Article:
Invasive Species in Forests


The kudzu vine, pictured here growing on trees in Atlanta, Georgia, is an invasive species brought to the United States from Japan and initially planted in the South to control erosion. Photo: Scott Ehardt, Wikimedia Commons (Public Domain).

A primary goal of a forest owner is to have a healthy forest. To most forest owners, a healthy forest means healthy, living trees. Indeed, inspecting your trees regularly is important. However, to maintain a healthy, thriving forest, you must take other steps as well. Monitoring for forest health involves not only examining your trees for symptoms and signs of health issues but also tracking more general conditions of your forest, identifying invasive species, and implementing integrated pest management.

Healthy forests are not just about healthy trees but also wildlife and the diversity of nature in your forest. To provide a beneficial ecosystem for wildlife and ensure biodiversity in your forest, it is important to monitor for invasive species, such as nonnative weeds. If you discover unfamiliar plants on your property, take action to identify them (see Invasive Species Articles). Also, you can take a sample of a plant to your local Cooperative Extension System office for help in identifying it. If the plant you identify is an invasive weed, you will be able to recognize it wherever it grows on your property and remove it to improve your forest’s health. If it is a native plant, you will have enriched your understanding of your forest.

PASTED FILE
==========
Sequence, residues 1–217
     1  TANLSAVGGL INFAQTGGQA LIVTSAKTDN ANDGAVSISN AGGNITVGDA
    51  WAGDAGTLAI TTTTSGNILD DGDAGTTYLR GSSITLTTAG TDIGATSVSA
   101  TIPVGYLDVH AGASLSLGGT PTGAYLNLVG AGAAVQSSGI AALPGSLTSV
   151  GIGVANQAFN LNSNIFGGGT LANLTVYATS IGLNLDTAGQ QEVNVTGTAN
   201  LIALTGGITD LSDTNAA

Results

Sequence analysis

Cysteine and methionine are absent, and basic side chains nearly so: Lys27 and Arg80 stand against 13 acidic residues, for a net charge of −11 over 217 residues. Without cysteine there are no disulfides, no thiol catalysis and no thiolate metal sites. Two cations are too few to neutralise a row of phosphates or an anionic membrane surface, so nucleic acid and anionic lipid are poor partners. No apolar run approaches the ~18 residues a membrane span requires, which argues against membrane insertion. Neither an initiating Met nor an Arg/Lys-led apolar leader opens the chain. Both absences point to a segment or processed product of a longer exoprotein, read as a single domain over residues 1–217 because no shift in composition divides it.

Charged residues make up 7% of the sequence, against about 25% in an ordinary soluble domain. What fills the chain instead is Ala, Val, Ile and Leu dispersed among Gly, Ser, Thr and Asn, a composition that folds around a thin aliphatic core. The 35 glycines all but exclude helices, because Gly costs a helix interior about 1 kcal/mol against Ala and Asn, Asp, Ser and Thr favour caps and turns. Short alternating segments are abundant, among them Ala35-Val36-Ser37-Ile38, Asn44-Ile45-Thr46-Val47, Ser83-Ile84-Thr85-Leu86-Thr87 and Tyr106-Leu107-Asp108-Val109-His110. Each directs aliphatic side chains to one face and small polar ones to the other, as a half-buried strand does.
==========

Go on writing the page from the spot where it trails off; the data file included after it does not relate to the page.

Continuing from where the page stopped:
Find useful tools and additional information about invasive species at Invasive Species – eXtension, the Kid’s Page – eXtension and from Bugwood.

Monitoring for invasive species is a critical part of growing a healthy forest. Moreover, doing so offers opportunities to learn more about how your forest works, helping you manage more successfully toward your goals.

no invasives

A healthy, thriving forest in Northern Central Pennsylvania.

 The following articles provide more information about monitoring your forest to keep it healthy:



Chris Schnepf, University of Idaho and Sarah Workman, USFS Eastern Forest Threat Assessment Center